Cleveland Office of the Police and Crime Commissioner (OPCC) funds the Youth Triage scheme. The current funding for Youth Triage runs until March 2025.
The scheme, which is run by Cleveland’s three youth justice services (YJS) in partnership with Cleveland Police, aims to do the following:
- Reduce the rate of first tme Entrants to the youth justice system;
- Lower re-offending rates;
- Provide a suite of 1:1 support to address the pathway issues driving offending behaviour (for example, mental health and relationships)
- Minimise avoidable custodial outcomes.
The South Tees, Stockton and Hartlepool youth justice service’s work with a wide range of partners. They are drawn from criminal justice, community safety, Cleveland Police and children’s services and help YOTs to achieve their aims.
How it works
Triage starts when a young person first comes to the attention of the police. The system rapidly assesses young people to make sure they are dealt with quickly and effectively.
YOT pulls together information from across its networks including police, health and social care.
Key information can be shared between the YOT and Police. That’s to make sure decisions are made, which reflect the needs of the victim and protect victims and communities from further harm. Decisions must also respond to the needs of the young person.
A bespoke package of interventions is drawn up to meet the needs of each young person. Interventions aim to challenge the young person’s offending behaviour.
Where necessary, other support services – such as substance misuse, training, education and housing – are brought in to meet the young person’s needs.
What Triage does
Triage takes a casework approach to all young people. It assesses them to make sure all of the factors, which cause a young person to offend, are identified along with their individual needs.
YJS workers then engage with the young person in a reparative and rehabilitative programme. This aims to address their needs and the factors contributing to their offending behaviour.
Triage intervention programmes include the following:
- Restorative work focused on the needs of victims and communities. There’s a focus on repairing any harm caused and protecting victims and communities from further harm
- Works to stop offending behaviour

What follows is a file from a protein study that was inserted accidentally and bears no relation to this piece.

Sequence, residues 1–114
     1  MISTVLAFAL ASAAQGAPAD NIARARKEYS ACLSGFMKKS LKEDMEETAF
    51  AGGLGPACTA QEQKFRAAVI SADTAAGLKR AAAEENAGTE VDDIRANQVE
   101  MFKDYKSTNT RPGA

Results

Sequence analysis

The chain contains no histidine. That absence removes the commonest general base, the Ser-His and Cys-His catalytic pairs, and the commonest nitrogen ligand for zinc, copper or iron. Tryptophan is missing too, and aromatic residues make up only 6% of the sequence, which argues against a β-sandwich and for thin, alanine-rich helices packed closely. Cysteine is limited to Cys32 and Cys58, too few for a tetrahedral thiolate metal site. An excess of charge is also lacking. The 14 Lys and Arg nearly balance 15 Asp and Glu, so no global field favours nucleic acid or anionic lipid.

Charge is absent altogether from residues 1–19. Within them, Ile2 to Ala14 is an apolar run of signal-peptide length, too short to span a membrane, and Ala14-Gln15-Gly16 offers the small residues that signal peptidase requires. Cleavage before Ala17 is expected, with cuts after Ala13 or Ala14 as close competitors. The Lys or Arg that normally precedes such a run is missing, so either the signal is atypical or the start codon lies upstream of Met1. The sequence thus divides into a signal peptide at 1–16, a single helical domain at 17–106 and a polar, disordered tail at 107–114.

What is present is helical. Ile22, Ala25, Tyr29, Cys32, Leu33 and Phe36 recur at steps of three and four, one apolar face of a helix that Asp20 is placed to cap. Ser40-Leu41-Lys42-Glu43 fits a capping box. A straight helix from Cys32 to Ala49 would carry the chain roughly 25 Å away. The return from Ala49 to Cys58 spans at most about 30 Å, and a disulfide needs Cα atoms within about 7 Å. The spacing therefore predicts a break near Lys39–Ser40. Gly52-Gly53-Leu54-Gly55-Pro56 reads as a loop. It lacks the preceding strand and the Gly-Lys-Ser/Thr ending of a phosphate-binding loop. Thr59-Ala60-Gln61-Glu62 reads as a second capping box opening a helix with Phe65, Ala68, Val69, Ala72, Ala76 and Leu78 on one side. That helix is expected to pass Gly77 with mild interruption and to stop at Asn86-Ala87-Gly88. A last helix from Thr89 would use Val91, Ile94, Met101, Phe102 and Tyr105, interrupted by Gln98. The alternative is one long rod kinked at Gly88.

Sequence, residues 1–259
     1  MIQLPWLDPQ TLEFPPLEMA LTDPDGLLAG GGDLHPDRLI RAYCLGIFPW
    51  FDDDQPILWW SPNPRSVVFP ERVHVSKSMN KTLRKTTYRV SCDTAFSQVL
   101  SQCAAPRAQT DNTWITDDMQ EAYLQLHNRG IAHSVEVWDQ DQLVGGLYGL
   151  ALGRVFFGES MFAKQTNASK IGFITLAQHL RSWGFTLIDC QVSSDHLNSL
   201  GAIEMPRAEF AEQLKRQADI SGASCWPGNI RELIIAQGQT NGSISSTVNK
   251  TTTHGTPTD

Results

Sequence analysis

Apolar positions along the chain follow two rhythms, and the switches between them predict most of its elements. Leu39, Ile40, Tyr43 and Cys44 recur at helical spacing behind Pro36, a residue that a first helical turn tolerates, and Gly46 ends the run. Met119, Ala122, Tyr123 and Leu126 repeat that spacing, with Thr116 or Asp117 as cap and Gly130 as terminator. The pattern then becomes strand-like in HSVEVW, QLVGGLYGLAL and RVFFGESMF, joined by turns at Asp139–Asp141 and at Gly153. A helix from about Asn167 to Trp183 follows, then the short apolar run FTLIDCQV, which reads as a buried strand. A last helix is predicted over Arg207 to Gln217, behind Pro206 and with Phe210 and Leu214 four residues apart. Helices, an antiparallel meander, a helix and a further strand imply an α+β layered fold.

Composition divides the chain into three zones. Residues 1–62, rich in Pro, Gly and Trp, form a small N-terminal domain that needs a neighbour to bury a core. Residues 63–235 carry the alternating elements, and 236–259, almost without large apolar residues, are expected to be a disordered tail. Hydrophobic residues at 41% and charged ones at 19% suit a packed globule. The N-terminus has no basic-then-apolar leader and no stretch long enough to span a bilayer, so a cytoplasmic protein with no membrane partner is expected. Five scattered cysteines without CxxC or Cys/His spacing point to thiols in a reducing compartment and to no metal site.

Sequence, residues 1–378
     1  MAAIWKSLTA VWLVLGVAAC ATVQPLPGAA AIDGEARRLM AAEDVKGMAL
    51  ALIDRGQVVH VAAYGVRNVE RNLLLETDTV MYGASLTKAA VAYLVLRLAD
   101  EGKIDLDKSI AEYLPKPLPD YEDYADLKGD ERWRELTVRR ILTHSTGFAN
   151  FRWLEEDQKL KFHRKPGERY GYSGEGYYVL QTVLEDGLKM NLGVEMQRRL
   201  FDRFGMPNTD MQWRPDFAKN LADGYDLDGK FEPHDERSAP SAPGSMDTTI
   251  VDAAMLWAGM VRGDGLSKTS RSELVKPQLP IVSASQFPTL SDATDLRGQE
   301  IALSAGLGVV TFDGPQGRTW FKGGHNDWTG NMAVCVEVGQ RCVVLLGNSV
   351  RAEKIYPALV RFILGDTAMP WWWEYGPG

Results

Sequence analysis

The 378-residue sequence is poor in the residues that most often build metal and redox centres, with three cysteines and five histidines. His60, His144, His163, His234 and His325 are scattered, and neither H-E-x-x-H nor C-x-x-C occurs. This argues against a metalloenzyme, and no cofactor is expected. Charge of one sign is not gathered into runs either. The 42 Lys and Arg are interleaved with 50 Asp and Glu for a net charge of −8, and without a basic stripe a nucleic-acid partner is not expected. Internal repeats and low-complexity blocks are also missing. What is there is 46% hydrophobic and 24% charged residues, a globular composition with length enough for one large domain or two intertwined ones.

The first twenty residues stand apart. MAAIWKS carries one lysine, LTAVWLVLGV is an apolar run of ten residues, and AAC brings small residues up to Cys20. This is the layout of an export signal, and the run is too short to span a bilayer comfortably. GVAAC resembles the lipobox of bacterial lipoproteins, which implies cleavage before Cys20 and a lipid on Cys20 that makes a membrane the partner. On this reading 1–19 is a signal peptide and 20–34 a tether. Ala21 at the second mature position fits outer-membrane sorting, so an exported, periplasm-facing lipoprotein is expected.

- Diversionary and constructive activities to take the young person away from crime and criminal influences
- Referrals to other support services, such as education and training. Referrals help to meet the young person’s needs identified by the YJSs and deliver a range of statutory services to young people, families and to victims
Reparation is built in to the offer of triage. This provides the young person with the opportunity to spend meaningful time contributing to their communities. Previous examples include a young person volunteering at a local food bank, and another included a young person working with a local community organisation to maintain the upkeep of a local beach.
Young people engaging with Triage will not be prosecuted for their offending. There will be no further police action against them.
However, young people must complete the requirements of their intervention plan.
If they do not follow the plan or engage with the YJS, these issues can be quickly addressed. As a result, the young person can be referred back to the police, who can consider further action.
Does it work?
Data from the Office for National Statistics (ONS) shows young people in Cleveland have a re-offending rate of 40.5%, which is higher than the England and Wales average of 33.6%.*
Each re-offender went on to commit an average of 4.34 further offences – and as a result, created more victims, more problems in Cleveland’s communities and stretched police resources further.
Re-offending rates for under-18s, who have been through Triage, are less than half of the Cleveland rate for juvenile re-offending.
In 2021-22, 283 young people took part in a Triage programme – a 22.5 per cent increase on the previous year.